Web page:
Understanding Hoarding and How to Help

by Fast eddys Monday June 24th 2019

Understanding Hoarding and How to Help-ho-001

Genuine Hoarder behaviour is often confused with hoarding tendencies yet there is a considerable difference between stocking up or saving and with hoarding.

If you have a family member or friend who finds the need to collect items having no value and becomes distraught at discarding items, then perhaps they have a hoarding disorder.

To support a hoarder gain control over his or her life, here are steps you can take to encourage them to clean up their property.

Overview of Hoarding Disorder

Unlike someone who is a collector of objects recognised as ‘collectables’ with an accepted value, a person with a hoarding disorder collects an excessive amount of items, taking over their home.

According to American Psychiatric Association, hoarding disorder “is characterised by the persistent difficulty discarding or parting with possessions, regardless of the value others may attribute to these possessions.”      Hoarders are often characterised as being lazy or stubbornly attached to their possessions but psychologist Randy Frost of Smith College states there are people who have hoarding tenancies and others who genetically pre-disposed to hoarding.     The hoarding tendency often starts in adolescence and only continues to worsen as the person gets older according to https://www.psychologytoday.com/intl/conditions/hoarding-disorder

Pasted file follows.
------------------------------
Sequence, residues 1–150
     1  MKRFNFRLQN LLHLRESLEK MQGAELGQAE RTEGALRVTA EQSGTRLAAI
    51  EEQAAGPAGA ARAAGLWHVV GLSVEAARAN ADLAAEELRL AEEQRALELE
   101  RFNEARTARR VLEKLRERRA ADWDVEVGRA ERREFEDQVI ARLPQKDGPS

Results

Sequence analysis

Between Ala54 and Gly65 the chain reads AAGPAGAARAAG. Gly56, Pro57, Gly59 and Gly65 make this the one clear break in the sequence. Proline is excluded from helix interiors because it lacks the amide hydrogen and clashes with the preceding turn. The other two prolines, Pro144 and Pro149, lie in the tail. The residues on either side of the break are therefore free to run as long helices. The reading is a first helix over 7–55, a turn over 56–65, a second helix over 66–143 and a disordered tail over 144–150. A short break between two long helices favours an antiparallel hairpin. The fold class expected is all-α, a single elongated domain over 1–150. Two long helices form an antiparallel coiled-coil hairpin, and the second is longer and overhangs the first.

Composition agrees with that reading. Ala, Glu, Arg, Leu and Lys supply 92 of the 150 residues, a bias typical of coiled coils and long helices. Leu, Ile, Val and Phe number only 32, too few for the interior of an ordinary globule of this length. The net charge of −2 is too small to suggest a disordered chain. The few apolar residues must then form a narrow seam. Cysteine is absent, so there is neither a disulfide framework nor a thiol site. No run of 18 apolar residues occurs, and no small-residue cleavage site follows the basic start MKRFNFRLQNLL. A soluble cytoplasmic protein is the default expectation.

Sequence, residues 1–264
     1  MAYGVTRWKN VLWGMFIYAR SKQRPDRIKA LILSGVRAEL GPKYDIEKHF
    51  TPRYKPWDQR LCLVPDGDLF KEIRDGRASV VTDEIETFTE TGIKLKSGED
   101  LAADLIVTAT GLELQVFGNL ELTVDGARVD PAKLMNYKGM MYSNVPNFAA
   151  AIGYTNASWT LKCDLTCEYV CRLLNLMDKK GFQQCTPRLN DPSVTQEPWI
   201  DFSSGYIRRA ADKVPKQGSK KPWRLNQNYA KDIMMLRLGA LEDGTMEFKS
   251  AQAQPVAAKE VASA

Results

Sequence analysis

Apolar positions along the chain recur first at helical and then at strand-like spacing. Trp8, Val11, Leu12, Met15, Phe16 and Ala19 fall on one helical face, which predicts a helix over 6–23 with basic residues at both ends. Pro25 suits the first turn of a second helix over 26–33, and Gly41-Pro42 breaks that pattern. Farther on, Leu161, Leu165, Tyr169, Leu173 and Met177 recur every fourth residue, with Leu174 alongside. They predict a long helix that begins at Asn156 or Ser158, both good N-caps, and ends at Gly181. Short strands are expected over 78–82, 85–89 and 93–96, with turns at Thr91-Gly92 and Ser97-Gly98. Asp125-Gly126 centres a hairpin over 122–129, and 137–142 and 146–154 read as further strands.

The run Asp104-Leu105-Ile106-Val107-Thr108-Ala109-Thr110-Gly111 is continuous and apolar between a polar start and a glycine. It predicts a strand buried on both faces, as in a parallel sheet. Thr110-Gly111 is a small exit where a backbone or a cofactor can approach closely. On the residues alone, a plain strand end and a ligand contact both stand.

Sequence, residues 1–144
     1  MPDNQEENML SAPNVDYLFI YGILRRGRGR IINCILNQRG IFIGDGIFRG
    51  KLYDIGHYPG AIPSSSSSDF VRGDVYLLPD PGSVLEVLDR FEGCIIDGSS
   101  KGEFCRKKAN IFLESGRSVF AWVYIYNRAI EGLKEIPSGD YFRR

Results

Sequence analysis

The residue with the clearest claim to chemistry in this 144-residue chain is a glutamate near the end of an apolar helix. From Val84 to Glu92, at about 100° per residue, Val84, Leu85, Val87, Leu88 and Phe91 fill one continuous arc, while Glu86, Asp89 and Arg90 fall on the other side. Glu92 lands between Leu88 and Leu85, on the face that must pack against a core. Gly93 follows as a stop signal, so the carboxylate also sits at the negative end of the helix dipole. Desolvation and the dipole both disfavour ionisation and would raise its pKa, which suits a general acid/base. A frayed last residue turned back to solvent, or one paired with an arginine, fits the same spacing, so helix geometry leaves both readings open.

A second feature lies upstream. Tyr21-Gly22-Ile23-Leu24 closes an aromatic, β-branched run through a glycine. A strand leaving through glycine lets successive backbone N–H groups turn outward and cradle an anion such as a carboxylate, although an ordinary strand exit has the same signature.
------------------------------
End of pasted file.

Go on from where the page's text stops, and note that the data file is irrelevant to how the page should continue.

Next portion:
Results of Hoarding Disorder

The effect of this disorder on both the hoarder and their family and friends is one of growing conflict with others.

As a hoarder loses the ability to maintain a safe and healthy place, spaces gradually become unusable. As a result, hoarders can find that they grow more socially isolated, as their home becomes increasingly uncomfortable for visitors.

Steps to Assist a Hoarder Take Control of Home and Life

Seek the help of an experienced therapist. Coming to an understanding of their hoarding disorder is a powerful step for both you and your family member or friend.

Reach Out and Listen to a Hoarder without Judgement. Be careful to listen without judgement as gaining a hoarder’s trust is fundamental; this will enable you to make suggestions about their situation and the steps they may take.

As with Hoarding itself, helping a hoarder will take time and resolving the situation will not happen immediately.